2

So, for Uniform sampling the PDF is $1/2π$, For Cos-weighted its $cos(θ)/π$. The Lambertian BRDF has a $\pi$ term as well in the denominator for energy conservation. When not optimizing things you should be dividing by $\pi$ during the BRDF calculation, then dividing by the proper PDFs mentioned above. Considering all the factors into account, for uniform ...


2

My code is setup to calculate the intersection points of each of the spheres with any given ray and spit out the correct points to be rendered to the screen based on the type of boolean operation being performed (Union, Difference or Intersection). Then you need to do the exact same thing with the normals. Indeed, you would typically do this operation with ...


2

The normal of a given point on the height map is perpendicular to the 2 vectors defined by gx and gy. The original surface normal is not relevant to this. So in tangent space, the normal is: Vector tangent = Vector(1, 0, gx); Vector bitangent = Vector(0, 1, gy); Vector normal = normalize(cross(tangent, bitangent)); You then need to convert the normal from ...


2

As you said, the RTX Turing architecture comes with wired primitive-ray intersection, (to be more specific, triangle-ray intersection). The BVH is built by specifying the Bounding Box program to OptiX, the signature of which is: RT_PROGRAM void my_boundingbox_build_program( int, float result[6] ) As you can guess, the result must contain the minimun (3 ...


1

Disclaimer: It's been a long time since I looked at this sort of thing but here goes... Disclaimer2: On re-reading your question(s) I realised I might have misunderstood what you were asking. I'll leave this here just in case you were looking for this sort of reply. Are you rendering from the original Bezier patch definition (e.g. https://www.cs.utah.edu/...


1

Those are moire patterns. They are an aliasing artifact that usually occurs when sampling on a regular grid. Did you jitter the positions of your samples? If you just sampled an evenly spaced 10x10 grid within each pixel, that could explain it. Also, numerical errors or inaccuracy could it.


1

You're simply not normalizing correctly, since you've picked the pdf for uniform to be $1$ which it is not, and for cosine to be $\cos\theta$ which it is not. The pdf for uniformly distributed points on the upper hemisphere is: $p_U(\theta, \phi) = \frac{\sin\theta}{2\pi}$. The pdf for cosine distributed points on the upper hemisphere is: $p_C(\theta, \phi) =...


1

Let me first address some misconceptions you have: the theory states that we need to shoot x number of rays for each intersection No, the "theory" doesn't state such a thing. Note also that the paper @gallickgunner is referring to is inapplicable in this case since smallpt is based on the rendering equation and not the limited variant present in Cook's ...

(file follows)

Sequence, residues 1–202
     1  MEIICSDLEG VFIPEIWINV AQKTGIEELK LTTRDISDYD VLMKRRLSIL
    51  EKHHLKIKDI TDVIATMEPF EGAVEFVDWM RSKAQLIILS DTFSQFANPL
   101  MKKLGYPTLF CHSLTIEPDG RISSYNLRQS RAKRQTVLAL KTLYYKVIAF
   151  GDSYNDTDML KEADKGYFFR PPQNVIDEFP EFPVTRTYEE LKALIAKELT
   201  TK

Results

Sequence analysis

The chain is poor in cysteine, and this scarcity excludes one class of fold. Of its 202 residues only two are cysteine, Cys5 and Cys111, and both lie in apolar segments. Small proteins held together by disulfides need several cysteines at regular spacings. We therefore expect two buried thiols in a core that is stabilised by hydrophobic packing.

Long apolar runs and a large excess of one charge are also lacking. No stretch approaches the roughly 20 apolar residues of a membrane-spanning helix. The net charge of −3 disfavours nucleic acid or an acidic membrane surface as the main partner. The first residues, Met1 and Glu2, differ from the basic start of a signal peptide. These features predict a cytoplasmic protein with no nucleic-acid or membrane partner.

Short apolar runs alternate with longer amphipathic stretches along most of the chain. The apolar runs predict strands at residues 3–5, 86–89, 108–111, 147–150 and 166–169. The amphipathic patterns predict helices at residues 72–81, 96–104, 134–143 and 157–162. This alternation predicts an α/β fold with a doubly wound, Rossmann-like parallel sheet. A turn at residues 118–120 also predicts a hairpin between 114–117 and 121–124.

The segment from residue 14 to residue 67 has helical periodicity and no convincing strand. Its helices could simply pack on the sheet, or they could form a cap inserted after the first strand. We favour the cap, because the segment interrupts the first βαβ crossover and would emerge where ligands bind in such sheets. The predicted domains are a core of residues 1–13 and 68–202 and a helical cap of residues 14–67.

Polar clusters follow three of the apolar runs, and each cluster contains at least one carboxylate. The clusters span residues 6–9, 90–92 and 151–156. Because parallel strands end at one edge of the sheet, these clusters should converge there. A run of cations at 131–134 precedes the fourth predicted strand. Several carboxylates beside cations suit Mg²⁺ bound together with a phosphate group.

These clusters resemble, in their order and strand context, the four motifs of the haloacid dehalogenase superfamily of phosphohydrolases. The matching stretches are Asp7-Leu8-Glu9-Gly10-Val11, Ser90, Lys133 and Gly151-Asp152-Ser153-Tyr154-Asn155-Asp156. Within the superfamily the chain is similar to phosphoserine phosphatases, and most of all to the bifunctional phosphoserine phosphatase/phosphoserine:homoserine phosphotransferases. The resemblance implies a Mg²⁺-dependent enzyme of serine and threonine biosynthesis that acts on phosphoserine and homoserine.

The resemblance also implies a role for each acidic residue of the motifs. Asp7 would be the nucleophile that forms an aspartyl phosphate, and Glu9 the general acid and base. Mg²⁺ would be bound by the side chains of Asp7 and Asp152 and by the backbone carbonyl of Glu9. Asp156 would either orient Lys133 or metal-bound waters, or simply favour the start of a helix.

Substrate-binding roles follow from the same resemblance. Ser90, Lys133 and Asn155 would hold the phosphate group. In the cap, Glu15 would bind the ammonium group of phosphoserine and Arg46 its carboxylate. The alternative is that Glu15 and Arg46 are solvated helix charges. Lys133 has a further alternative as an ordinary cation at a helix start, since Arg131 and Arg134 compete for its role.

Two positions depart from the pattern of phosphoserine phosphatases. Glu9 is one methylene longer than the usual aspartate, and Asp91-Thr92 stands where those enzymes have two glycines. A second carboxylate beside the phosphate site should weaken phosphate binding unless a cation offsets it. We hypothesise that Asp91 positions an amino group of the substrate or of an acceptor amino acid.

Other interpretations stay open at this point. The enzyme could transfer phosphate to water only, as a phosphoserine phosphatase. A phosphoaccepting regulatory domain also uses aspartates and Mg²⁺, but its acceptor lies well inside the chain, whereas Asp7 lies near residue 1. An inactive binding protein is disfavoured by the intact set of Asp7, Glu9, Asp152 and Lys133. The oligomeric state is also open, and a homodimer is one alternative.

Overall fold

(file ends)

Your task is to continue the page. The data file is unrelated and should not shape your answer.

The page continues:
1

During the implementation, the way rays are scattered does not actually change and remains random. Actually the way rays are scattered does change, specifically when you sample a light. In chapter 8 he makes a mixture pdf in order to sample either the light or the bsdf. What changes looks to be the contribution of each ray. This does change, but not ...


1

It's a variant to projective texture mapping. The simple way to do this in the fragment shader by using the position of the fragment to decide whether it is close enough to the plane of the laser to light up.


1

There are two ways to 'translate' your object. The first is by moving each point of your object by the desired translation. The second is by translating the origin of your coordinate system. In this case it's the latter. Basically it turns out to be the same, whether you translate your object by a vector $\vec{t}$ or whether you translate your origin by $-\...


1

It'd be hell a lot easier if this were on graphicsexchange, since I can't use latex here but anyways. In the first pass of Photon Mapping you don't need to use the Flux form of rendering equation. You just divide the original flux coming from the light source among the N photons, then for each photon you use Russian Roulette to determine whether it reflects,...


1

The best algorithm depends on the condition like whether or not the square is axis aligned for example. I'm gonna discuss the more general case which can find find intersection for any arbitrary oriented square. The algorithm works by first checking the intersection of ray with the plane containing the square or rectangle etc. Then check if the ray is within ...


1

So, I figured it out. While UAV will be necessary when I start manipulating data in Compute Shaders, for the time being, SRV works fine provided the resource is read-only from the fragment shader. The two big problems were Creating an ImageTexture that was receiving the data. Note that the data copy was occurring just fine, but the texture was never used ...